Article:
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GOP Candidates Address Forum On Addiction In New Hampshire


New Hampshire has a special place in presidential politics, and it's not just that that state hosts the first primary. Candidates often spend time addressing issues that state residents care deeply about. And the result of that - New Hampshire residents can put an issue important to them at the forefront of the national conversation. This year, that issue is addiction. There's an overdose epidemic in the state, and five Republican candidates participated in a forum yesterday to talk about it. NPR's Tamara Keith was there, and she joins us on the line. Good morning, Tam.


GREENE: So you've been covering this issue for nearly a year now, and I imagine really watching close-up as - it's really risen in prominence.

KEITH: Yeah. I think that there's been a change in the way that people talk about heroin and opioid addiction. People aren't just brushing it under the rug or suffering silently anymore. And in New Hampshire, there's a movement of parents who have lost their children to overdoses who are publicly talking about their struggles. Listen to former Florida Governor Jeb Bush who said he heard about the crisis on one of his first trips to the campaign in the state.


JEB BUSH: It hit me like a brick wall. At the hotel that we normally stay in, two people had loved ones that died of an overdose in the last six months. And I met two other people that had a similar experience in that same day.

KEITH: And Bush is now regularly talking about his daughter who was addicted to prescription pills. And really almost every candidate is finding a way to talk about addiction in a very personal way.

GREENE: Essentially saying to New Hampshire voters that we really feel personally what you're going through.

KEITH: Chris Christie, the New Jersey governor, talks about a good friend from law school who had it all and then lost it all and ended up dying because of addiction. Carly Fiorina, who was at the forum yesterday, talked passionately about her stepdaughter Lori. She talked about the sparkle leaving her eyes as the addiction took hold and talked about how she and her husband found out how her stepdaughter died when two police officers knocked on their door.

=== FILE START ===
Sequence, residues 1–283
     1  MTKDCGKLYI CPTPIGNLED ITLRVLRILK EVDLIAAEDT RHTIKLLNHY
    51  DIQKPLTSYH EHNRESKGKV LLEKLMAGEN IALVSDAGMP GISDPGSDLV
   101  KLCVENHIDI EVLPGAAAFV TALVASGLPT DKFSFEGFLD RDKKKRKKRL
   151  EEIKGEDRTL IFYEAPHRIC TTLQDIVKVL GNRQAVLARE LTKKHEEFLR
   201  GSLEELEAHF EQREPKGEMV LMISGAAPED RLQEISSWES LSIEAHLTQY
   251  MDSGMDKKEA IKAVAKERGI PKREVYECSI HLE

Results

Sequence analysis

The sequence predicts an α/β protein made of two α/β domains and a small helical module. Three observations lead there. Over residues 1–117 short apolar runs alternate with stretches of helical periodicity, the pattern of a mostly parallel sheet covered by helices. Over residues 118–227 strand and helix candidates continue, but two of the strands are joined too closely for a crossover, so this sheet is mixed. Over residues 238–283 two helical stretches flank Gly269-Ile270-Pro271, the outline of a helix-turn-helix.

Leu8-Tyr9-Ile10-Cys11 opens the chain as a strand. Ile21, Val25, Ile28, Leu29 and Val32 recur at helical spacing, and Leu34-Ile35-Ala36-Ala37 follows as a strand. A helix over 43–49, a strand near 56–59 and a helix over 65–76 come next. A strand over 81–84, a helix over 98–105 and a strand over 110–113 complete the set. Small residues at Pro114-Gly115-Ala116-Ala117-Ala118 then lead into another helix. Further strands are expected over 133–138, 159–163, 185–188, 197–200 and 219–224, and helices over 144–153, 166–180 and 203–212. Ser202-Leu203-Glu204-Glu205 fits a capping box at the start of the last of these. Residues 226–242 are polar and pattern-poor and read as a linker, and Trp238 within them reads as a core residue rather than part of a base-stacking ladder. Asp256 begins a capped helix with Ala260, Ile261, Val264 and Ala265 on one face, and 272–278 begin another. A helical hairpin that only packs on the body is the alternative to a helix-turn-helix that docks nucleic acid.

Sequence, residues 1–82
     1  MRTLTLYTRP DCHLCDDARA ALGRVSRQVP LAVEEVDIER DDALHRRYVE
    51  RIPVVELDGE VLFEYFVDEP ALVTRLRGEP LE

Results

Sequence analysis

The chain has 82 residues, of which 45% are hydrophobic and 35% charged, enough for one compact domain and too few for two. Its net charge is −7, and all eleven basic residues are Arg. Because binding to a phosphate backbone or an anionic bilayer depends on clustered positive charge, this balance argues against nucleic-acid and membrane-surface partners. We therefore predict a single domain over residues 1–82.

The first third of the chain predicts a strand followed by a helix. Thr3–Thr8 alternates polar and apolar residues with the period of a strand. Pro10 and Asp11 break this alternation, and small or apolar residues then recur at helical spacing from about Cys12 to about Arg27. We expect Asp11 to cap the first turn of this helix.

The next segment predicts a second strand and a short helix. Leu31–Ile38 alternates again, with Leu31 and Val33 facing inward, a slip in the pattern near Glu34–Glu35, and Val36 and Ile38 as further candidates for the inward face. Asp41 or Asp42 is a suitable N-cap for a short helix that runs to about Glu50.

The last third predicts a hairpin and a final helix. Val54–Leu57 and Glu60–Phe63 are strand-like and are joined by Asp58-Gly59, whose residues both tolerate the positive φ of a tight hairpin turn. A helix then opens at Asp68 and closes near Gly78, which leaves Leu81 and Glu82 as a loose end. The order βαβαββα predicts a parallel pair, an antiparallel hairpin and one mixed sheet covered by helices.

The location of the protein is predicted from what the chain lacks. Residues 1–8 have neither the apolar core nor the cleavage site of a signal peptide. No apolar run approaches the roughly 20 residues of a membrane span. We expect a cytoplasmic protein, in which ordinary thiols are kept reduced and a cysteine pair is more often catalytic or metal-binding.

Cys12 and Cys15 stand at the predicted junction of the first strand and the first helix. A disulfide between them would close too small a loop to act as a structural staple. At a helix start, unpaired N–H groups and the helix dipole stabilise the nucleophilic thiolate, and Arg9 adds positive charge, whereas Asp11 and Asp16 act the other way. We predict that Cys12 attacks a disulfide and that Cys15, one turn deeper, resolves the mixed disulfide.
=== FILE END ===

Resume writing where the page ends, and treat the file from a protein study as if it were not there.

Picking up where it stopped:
CARLY FIORINA: And virtually every minute of every day after those two police officers stood in our living room and told Frank and I about the death of our daughter, we both have wondered what signs we missed, what we could have done differently.

KEITH: Candidates really on both sides of the aisle in New Hampshire - and Iowa too - are finding that this is a way to connect with voters. But one question is when the race moves on, does this conversation continue?

GREENE: I guess that's one question we'll have to answer as things go on. But, Tam, tell me this. I mean, drugs - it's not a new issue in politics, but this feels different.

KEITH: Absolutely. They're talking about it in different ways. It isn't the war on drugs anymore. They're now talking about addiction as a disease. And the reality is that far more Americans are dying of overdoses, in particular heroin and other opioids, now than just a few years ago. And it's gone from being someone else's problem to being everyone's problem. Some are referring to this as the so-called gentrification of the drug crisis. Ohio Governor John Kasich alluded to this yesterday at the forum.


JOHN KASICH: This disease knows no bounds, knows no income, knows no neighborhood, it's everywhere. And sometimes I wonder how African-Americans must have felt when drugs were awash in their community and nobody watched. Now it's in our communities, and now all of a sudden we've got forums, and God bless us, but think about the struggles that other people had.

GREENE: Well - and, Tamara Keith, that makes me wonder. I mean, are some suggesting that while this issue - suddenly now it's something that candidates are talking about because it's a so-called gentrified problem that they're feeling and not just other communities.

KEITH: That is the charge that I hear very regularly. When I talk about this with people or when I tweet about the issue, a lot comes back saying, wow, you just tweeted a picture of a lot of white people raising their hands, for instance. The candidates are unapologetic about talking about this issue, and they say that is very important, that now this shouldn't be treated simply as an incarceration issue but also as a public health problem.

GREENE: All right, NPR's Tamara Keith talking to us about a forum on addiction yesterday in New Hampshire. Tam, thanks a lot.

KEITH: You're welcome. Transcript provided by NPR, Copyright NPR.

Tamara Keith has been a White House correspondent for NPR since 2014 and co-hosts the NPR Politics Podcast, the top political news podcast in America. Keith has chronicled the Trump administration from day one, putting this unorthodox presidency in context for NPR listeners, from early morning tweets to executive orders and investigations. She covered the final two years of the Obama presidency, and during the 2016 presidential campaign she was assigned to cover Hillary Clinton. In 2018, Keith was elected to serve on the board of the White House Correspondents' Association.
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